Here’s how you build one from pieces found in nearly any hardware store. The fan is the key piece and is what many folks call a muffin fan, or a computer fan. They are brushless and use miniscule amounts of power and may be 12 volt DC 120 volt AC as you prefer. Ideally choose one with an outer frame size of 5 or 6 inches. You can also find them quite affordably from several online sources. Now find a plastic box or make one of wood to set the fan inside and make one round opening four inches in diameter on either side. Install a round 4” collar into each opening. You will attach 4” flexible ventilation hose onto either piece of collar.
I acquired my box from the electrical department at Home Depot. The collars were 2- 4” abs pipe couplers which then were welded firmly to the edges of the holes I’d cut with abs pipe cement. Lead the two wires from the motor out through a small hole you’ve made in the side of the box and connect to a power source. Always use a fuse or circuit breaker. You can include a simple switch and /or a humidistatic switch (Often used with bathroom ceiling fans) to turn the unit on and off automatically at a specific humidity level setting.
Make sure the fan is extracting air through the flexible tube from a lowest possible point in the boat and that the fan is positioned as close as possible to the intake source. The fan discharge tube can be led to an existing ventilation cowl or ventilator or simply stick it through a port light. You’ll need a little imagination, but that is part of the fun and satisfaction. Folks often ask how these simple little machines work on a rainy day when the outdoor ambient humidity is very high. The answer is that by moving air into an enclosure it expands. The amount of moisture in the cubic mass does not and so the air becomes drier. You may want to provide a make-up air opening or grill to let the unit better pull the air down into the air exchanger but so long as there is negative pressure (or suction) the results of this little machine should be magic.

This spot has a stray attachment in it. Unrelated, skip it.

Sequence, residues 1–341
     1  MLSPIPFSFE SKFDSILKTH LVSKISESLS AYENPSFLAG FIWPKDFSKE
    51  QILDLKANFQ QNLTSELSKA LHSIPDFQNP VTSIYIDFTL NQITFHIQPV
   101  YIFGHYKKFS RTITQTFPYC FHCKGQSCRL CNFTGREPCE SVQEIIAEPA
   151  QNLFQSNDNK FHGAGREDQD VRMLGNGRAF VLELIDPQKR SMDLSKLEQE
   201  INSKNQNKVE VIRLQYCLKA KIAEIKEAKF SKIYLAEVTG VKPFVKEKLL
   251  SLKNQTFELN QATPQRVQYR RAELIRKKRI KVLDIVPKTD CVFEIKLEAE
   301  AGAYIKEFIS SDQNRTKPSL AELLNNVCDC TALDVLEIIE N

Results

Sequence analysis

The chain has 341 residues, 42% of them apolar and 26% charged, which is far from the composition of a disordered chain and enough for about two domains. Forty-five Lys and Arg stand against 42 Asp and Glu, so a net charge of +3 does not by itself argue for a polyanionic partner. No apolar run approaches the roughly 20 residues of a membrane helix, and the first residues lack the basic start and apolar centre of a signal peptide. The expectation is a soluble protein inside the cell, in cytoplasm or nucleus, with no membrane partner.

There need be only a gentle, quiet constant movement of air to make a noticeable difference. These small units work great in Rv’s as well. Have fun! I’m happy to answer questions.
Good old CBC Radio occasionally has an outstanding story. Last week, in the wake of Fidel Castro’s death, an interview with his sister, Juanita, was aired. She had joined him in the revolution but after it had succeeded she abandoned him and fled the country. She accused him of betraying the democratic ideals of the revolution and of founding a new dictatorship as cruel and insidious as that of Batista’s. Living in Florida she was also ostracized by her fellow Cuban refuges. She had not seen her brother in fifty-two years. For the last two days, CBC has been off-air; storm damaged we suppose.